One of the biggest faults with my testing methodology in the past has been the temperature of the testing environment. Typically, my power supplies were placed on a bench in a room that's 25°C. The problem with this is that it's never 25°C inside an actual computer.

Previously, I would run the power supplies for an hour on the bench before getting my readings, but the power supply's temperatures would tend to plateau within only a couple minutes because the only heat the PSU would have to exhaust was the heat it produced. Unfortunately, power supplies are typically subject to very warm ambient temperatures and are usually the primary exhaust fan within a PC, because a power supply is designed to suck hot air in from the inside of the case and exhaust it out the rear.

This has motivated me to improve my testing methodology so it better reflects actual operating temperatures. What I'm now doing is installing whatever PSU I'm testing inside an actual case.

Inside this mild-mannered looking Ultra Wizard case is a PCB with a number of female PSU connections on it. I think the PCB is spare parts from either a SunMoon or TechRed ATE. Can't remember which. The connectors are soldered to severed power leads that then plug into my SunMoon SM-268 ATE (SMPS load tester.)

Above is a picture of the Wizard case with a PSU installed (looks like a BFG 650W from here) and the necessary power leads plugged in.

When I put the cover on, you can see the duct that pumps the hot air into the case. I simply reversed the TAC vent so it was on the outside of the panel and clamped an airbox intake hose (PepBoys: $24.99/3') onto it.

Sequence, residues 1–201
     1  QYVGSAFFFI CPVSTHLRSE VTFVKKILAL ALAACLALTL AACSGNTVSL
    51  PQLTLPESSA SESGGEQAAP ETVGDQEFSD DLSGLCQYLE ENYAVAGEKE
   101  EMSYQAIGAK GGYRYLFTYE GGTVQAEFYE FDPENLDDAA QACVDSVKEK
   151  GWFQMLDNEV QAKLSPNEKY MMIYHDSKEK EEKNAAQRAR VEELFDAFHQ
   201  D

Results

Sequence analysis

The 3" diameter hose is "reduced" to a smaller sized hose from a Sunbeamtech "overclockers cooling kit" which is then attached to an 80MM to 120MM fan adapter that's bolted to the back of the SunMoon SM-268 load tester. This one 120MM outlet is where the SunMoon exhausts all of the heat generated from loading up power supplies.

I then program my loads and fire up the PSU. The greater the load, the more heat that's generated by the SM-268. That heat is then pumped back into the case, which is then sucked up by the PSU. The PSU's de-rating curve kicks into effect at an exponential rate.

Since these photos were taken, I had added a "helper fan" to the case-end of the duct because the fan in the SunMoon wasn't strong enough to push all of the heat down the four feet of duct work, but in the above photo you can see the lead for the thermistor that I use to measure the temperature of the air coming into the case.

The Compu-Nurse seen on the previous page has long been replaced. The thermistor in the photos is attached to a Type-K electronic thermometer.

A second thermistor is placed at the back of the PSU.

Above: The PSU is on, but idle and it's first thing in the morning so it's only 20°C in the room. On the left is the temperature of the air coming into the case and on the right is the temperature of the air coming out of the power supply. Obviously, there's hardly any heat being generated by the load tester and most of that heat there is not going through the power supply.

After the load tester has been running for about 15 minutes at about a 150W load, the temps rise to 41°C. The temperature of the air coming out of the PSU are now 38°C.


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